Monday, November 06, 2017

My thoughts on Chicagoist: part one.

10th anniversary koozies. And yes we still have some in our house. Want one?
A key takeaway in this New York Times piece, that almost every other piece has missed while focusing on the DNAinfo portion of the story of the sudden shuttering of so many new outlets:
Gothamist, on the other hand, was profitable, and a fairly recent addition to the company.
In a perfect world, Mr. Ricketts would release sites like Chicagoist to run themselves again. Heck, I’d be happy to help run Chicagoist as a largely volunteer driven collective of smart writers covering arts and food and new with a biting edge again.

There is a place for it.

And if I can’t do it at Chicagoist I’ll do it elsewhere, and help bring another site to the heights Chicagoist earned.

But, maybe?

TO BE CLEAR I always respected the work of DNAinfo Chicago writers—I was long a fan of much of their much-needed writing covering the city's neighborhoods at a granular level—and also respected that Ricketts supported hyper-local news in the form that was almost a patron of the media (and anyone that thought any writer for DNA would ever self-edit to match Ricketts politics is sorely wrong).

But the -ists? As a collective, over the years, we did make money (you think we survived 15+ years without making a cent?) and as a whole we were self-supporting. And I know we never bent to anyone for ad dollars. (Hell I can think of more than one front page takeover that was unintentionally met with a review or news story that directly opposed the ad buyer's intentions.)

We built our reputation on writing that championed arts, culture, and food;  and offered a pointed take on the news of the day. To me the core of Chicagoist through most of its tenure—and I think many longtime readers would agree with me—was our original content. I brought on dozens of writers during my tenure and they all wrote smart, interesting takes on music, dance, theater, books, museums and more. And my compatriots brought on writers who tackled the city's food scene intelligently even before our corners were filled with Michelin recognized restaurants.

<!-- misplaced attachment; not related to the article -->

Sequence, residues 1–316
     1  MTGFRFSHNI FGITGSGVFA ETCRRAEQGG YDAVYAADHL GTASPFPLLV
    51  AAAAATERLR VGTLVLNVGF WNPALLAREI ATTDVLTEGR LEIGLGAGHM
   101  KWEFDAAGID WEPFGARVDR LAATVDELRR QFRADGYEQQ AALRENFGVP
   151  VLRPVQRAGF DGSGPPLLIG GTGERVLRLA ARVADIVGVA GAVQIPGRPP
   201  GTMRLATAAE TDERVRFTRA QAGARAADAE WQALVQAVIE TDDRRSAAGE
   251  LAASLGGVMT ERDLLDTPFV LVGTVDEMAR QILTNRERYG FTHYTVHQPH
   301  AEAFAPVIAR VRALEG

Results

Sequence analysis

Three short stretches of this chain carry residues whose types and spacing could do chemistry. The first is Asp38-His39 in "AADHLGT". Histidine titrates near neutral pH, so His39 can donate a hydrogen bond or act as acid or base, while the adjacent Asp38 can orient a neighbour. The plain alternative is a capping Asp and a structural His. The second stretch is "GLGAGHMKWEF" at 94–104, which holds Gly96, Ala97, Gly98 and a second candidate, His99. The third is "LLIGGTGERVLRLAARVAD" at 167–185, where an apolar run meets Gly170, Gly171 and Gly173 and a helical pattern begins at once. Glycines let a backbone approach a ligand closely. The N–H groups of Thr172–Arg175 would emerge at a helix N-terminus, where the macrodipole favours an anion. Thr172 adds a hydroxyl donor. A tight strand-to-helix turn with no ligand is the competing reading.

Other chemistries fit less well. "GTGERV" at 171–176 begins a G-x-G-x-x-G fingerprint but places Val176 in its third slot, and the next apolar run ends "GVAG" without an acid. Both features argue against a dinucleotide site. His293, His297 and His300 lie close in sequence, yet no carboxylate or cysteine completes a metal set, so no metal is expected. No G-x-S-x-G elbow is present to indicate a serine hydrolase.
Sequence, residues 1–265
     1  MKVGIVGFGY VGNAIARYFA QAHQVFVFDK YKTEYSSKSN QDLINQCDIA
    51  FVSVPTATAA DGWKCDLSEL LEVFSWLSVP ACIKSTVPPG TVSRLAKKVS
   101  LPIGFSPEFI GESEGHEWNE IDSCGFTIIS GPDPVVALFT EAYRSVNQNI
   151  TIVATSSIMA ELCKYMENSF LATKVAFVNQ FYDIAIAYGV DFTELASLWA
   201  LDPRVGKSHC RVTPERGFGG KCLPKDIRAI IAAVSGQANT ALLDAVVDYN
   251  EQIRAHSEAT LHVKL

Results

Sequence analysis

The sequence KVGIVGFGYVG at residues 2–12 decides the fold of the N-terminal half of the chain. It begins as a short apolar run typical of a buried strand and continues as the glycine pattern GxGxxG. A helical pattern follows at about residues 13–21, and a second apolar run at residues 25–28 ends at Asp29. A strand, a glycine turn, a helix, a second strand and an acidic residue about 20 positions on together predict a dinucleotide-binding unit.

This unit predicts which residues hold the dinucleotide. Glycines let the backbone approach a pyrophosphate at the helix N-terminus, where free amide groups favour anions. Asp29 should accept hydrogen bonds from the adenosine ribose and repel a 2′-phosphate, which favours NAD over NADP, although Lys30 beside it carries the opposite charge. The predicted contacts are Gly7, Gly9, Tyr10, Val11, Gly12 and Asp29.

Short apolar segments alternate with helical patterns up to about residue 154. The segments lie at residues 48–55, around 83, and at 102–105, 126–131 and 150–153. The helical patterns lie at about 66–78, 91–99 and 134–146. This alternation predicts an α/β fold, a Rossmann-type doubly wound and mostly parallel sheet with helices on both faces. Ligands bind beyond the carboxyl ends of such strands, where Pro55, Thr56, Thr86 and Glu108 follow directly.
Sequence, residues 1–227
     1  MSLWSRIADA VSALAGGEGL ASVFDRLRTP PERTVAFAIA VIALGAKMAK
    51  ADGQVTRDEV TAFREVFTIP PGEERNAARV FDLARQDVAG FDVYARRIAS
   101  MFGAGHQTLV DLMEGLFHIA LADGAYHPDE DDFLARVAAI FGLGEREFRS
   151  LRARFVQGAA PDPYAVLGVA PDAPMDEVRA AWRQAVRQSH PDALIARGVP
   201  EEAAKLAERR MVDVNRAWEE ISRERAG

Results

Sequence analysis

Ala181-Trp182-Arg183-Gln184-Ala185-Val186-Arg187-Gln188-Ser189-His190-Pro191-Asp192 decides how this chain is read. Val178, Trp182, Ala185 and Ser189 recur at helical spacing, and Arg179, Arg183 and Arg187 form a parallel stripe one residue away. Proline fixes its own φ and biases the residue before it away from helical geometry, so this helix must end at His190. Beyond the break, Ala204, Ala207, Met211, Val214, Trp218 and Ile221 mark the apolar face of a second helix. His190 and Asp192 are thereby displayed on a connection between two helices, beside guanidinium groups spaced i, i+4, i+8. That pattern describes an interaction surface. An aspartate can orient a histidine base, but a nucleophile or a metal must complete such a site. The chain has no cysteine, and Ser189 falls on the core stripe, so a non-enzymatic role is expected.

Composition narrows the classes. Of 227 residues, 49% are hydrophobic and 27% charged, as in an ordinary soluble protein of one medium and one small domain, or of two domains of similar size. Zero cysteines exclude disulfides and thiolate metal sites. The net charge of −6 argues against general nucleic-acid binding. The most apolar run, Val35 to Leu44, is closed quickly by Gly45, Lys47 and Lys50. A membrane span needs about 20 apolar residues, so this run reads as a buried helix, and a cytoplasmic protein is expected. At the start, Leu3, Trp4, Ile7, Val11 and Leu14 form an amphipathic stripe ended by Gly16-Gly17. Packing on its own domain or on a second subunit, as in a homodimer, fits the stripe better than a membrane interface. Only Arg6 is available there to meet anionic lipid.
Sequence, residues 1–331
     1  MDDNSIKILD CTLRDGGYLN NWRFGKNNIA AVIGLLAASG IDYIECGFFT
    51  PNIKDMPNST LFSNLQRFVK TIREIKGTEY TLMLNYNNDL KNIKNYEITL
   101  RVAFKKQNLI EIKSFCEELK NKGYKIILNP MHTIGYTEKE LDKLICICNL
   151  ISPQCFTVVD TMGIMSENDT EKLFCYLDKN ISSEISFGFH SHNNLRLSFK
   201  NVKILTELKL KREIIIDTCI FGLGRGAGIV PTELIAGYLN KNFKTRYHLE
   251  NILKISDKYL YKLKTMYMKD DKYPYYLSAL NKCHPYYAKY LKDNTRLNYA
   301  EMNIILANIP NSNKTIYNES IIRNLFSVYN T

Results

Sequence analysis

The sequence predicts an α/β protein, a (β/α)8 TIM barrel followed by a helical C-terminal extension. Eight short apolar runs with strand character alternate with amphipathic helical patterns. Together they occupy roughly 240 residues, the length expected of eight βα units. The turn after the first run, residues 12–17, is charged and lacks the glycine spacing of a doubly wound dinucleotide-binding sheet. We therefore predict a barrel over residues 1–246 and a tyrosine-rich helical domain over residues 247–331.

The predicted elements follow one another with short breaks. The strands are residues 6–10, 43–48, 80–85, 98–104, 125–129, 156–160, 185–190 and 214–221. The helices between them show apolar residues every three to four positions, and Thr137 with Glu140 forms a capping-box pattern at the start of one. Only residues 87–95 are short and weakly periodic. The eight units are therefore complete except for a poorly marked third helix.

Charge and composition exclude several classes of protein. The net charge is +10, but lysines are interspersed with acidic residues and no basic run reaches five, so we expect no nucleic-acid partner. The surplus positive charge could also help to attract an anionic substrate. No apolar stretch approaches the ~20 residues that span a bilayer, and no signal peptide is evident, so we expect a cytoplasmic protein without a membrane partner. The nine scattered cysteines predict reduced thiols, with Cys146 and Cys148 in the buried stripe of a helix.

Our reputation, the one that made readers follow and grow the site, was built on turning people onto new stuff. But, I'll delve more into the highs and lows of that in a separate post. My point is, we were always, proudly, defiantly, an -ist.

And even post acquisition, we were never really all that integrated or subsumed into the Ricketts culture. Heck, last Friday was the first time the firewall came down and most of us in Chicago even spoke to our our DNA friends. Which is to say, until the end, we remained fierce outliers.

The woman that started Chicagoist, and the woman I married that I met through Chicagoist.
So while I wish we could just regain control of Chicagoist (which I’m sure is a legal warren of tunnels we could never navigate) I’d ask this:

Separate your eulogies between DNA and the -ists. We were always two different entities, each with individual strengths (and, probably, weaknesses) but we weren’t the same. The only way we’re the same is we are all victims of the journalistic slaughter of late Thursday.

But hey. Phoenixes rise, right?

Tomorrow I'll get mushy, and talk about the history of Chicagoist, and the writers that made it great (and some of the obstacles the site encountered through over a decade in the digital landscape) but for today I had to share these initial thoughts. I hope that was OK with you.

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